[5] Hospital Autopsy Quality Control and Assurance: The London Health Sciences Centre Experience

Rebekah Jacques, Michael Shkrum. London Health Sciences Centre (University of Western Ontario), London, ON, Canada

Background: There are few guidelines that exist for ensuring hospital autopsy quality assurance and control. This study presents a comprehensive assessment of quality assurance in the pre-analytic, analytic and post-analytic phases in the completion of a hospital autopsy report. Our goal is to make recommendations for enhancing performance and reporting of autopsies in an effective and clinically useful manner.
Design: We performed a retrospective review of all hospital autopsies performed from January 1, 2009 to December 31, 2009 at our Centre. We examined the authorization for autopsy consent forms, medical records, autopsy photographs, glass slide preparation times, autopsy reports including ancillary studies, consultation forms by clinicians and pathologists, autopsy checklists and Adverse Event Management System (AEMS) reports. The pre-analytic phase assessed autopsy consent form issues and received clinical consultation forms. The analytic phase assessed resident involvement, intradepartmental consultation(s), microscopic section codes, clinical pathologic correlation and ancillary investigations. The post-analytic phase examined completed autopsy checklists, AEMS reports and the response to clinical question(s). Turnaround time parameters included: completion of provisional anatomical diagnoses and the final report.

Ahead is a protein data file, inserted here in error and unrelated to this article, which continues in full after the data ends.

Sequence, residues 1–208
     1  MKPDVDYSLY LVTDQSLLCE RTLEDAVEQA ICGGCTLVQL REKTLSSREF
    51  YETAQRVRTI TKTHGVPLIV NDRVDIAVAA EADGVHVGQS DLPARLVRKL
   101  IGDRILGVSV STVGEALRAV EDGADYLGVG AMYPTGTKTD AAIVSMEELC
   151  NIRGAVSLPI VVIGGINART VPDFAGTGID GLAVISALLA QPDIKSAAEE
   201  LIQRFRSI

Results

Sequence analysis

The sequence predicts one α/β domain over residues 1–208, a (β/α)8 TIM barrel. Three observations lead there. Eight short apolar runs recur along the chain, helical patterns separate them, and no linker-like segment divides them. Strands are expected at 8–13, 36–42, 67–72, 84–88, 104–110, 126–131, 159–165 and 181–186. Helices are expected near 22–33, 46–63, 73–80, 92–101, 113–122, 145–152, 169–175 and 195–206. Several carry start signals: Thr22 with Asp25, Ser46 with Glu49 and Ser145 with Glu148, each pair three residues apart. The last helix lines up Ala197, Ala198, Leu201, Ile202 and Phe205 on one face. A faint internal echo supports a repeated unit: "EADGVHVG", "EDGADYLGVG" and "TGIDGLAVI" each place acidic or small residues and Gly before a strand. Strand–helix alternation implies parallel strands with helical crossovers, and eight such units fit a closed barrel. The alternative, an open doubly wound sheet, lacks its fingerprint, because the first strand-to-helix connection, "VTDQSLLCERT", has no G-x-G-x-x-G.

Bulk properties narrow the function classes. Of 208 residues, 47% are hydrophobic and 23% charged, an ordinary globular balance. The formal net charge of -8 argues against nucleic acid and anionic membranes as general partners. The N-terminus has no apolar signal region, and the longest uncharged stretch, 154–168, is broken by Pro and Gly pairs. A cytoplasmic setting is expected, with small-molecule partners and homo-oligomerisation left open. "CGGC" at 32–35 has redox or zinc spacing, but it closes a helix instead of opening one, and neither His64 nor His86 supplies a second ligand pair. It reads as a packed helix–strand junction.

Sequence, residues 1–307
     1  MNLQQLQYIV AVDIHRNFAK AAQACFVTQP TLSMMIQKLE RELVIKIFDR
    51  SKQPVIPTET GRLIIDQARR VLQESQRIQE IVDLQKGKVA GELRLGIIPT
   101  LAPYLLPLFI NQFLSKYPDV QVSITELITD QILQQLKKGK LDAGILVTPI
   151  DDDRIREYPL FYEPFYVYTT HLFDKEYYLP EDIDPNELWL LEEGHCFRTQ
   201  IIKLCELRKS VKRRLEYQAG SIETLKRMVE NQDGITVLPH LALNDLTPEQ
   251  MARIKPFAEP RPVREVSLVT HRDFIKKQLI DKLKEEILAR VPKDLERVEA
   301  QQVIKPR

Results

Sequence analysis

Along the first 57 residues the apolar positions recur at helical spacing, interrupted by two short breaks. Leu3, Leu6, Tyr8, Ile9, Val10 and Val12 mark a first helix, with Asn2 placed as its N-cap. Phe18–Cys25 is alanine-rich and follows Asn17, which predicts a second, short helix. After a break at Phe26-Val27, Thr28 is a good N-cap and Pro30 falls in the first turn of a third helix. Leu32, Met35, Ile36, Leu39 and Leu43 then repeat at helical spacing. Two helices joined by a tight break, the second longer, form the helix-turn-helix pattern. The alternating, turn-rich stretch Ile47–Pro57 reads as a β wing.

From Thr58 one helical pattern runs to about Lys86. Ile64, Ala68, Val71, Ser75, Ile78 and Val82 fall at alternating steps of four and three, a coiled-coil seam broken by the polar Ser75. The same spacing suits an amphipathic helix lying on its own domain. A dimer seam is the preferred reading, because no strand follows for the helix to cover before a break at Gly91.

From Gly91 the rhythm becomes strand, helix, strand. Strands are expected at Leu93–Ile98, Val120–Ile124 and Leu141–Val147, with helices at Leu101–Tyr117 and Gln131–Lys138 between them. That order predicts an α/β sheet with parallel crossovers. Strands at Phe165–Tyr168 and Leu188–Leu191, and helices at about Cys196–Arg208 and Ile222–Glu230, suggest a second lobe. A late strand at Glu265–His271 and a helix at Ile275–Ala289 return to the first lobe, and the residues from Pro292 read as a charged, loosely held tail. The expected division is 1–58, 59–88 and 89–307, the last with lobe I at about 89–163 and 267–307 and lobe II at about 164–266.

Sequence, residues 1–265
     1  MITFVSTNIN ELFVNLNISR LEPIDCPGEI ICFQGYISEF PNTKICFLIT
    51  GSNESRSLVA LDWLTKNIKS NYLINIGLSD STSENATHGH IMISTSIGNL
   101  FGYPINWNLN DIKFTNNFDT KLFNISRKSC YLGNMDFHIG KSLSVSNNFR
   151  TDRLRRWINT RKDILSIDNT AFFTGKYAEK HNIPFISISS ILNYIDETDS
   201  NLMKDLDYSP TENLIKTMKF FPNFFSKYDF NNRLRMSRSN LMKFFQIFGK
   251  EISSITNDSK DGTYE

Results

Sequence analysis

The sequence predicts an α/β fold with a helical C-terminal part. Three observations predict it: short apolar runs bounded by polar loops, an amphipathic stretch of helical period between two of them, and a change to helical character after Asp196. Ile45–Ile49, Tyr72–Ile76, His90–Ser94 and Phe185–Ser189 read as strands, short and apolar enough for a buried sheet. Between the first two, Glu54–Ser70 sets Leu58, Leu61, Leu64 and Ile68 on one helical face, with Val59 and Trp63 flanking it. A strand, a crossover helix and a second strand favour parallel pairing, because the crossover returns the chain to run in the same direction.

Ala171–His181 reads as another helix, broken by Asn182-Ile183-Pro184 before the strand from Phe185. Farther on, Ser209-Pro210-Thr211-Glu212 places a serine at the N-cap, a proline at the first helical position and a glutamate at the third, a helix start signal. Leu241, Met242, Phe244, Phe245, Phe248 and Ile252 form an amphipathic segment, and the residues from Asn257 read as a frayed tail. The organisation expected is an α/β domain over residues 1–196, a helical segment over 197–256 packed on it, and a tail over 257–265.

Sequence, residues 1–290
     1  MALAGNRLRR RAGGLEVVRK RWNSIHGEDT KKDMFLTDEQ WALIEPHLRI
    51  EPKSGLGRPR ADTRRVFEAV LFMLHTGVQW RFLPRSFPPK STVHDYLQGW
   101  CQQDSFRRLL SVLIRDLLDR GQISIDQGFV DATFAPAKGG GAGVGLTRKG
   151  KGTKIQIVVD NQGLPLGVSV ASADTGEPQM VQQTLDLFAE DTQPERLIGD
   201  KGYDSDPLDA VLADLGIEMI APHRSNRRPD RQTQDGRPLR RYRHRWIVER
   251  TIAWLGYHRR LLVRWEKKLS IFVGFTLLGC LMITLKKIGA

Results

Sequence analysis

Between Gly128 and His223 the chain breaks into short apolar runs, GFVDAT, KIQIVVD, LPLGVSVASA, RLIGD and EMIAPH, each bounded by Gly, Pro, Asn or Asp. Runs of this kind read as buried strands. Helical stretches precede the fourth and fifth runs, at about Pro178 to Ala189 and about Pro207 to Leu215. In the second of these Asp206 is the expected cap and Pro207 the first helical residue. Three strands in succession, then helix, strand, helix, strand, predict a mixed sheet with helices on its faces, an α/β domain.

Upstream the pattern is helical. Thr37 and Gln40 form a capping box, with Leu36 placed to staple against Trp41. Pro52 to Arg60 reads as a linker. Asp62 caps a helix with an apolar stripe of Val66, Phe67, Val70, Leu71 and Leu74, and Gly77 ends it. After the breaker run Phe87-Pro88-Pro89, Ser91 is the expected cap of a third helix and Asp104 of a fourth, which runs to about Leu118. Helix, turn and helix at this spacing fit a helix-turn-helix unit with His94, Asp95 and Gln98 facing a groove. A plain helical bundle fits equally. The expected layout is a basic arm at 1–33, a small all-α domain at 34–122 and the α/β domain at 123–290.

Results: There were 166 autopsies reviewed, one case was excluded in accordance with consent restrictions. In the pre-analytic phase, there were 34 consent issues with half of these due to clarification of the next of kin and autopsy procedure restrictions. In the analytic phase, 67 (41%) reports did not have a complete microscopic section code and 27 (16%) reports were without clinical pathologic correlations. Photography was done in 60% of cases; however, this was mentioned in 2 reports. In 4 of the cases there was an error in the photo's ruler label. In the post-analytic phase there were 6 corrected reports due to formatting or typo/grammar errors. The average sign-out times for the provisional anatomical diagnoses and case completion were 5 and 146 days, respectively.
Conclusions: Overall, the completion times for provisional anatomical diagnoses and final reports did not conform to Pathologists' professional association guidelines. There were a number of consent issues that were identified at the time of autopsy but not reported to risk management. Recommendations from this study include: creating a user-friendly autopsy consent form, guidelines for and monitoring of turnaround time and in-depth audit/peer review of randomly selected autopsies.
Category: Autopsy

Monday, March 4, 2013 9:30 AM

Poster Session I Stowell-Orbison/Surgical Pathology/Autopsy Awards Poster Session # 1, Monday Morning

 

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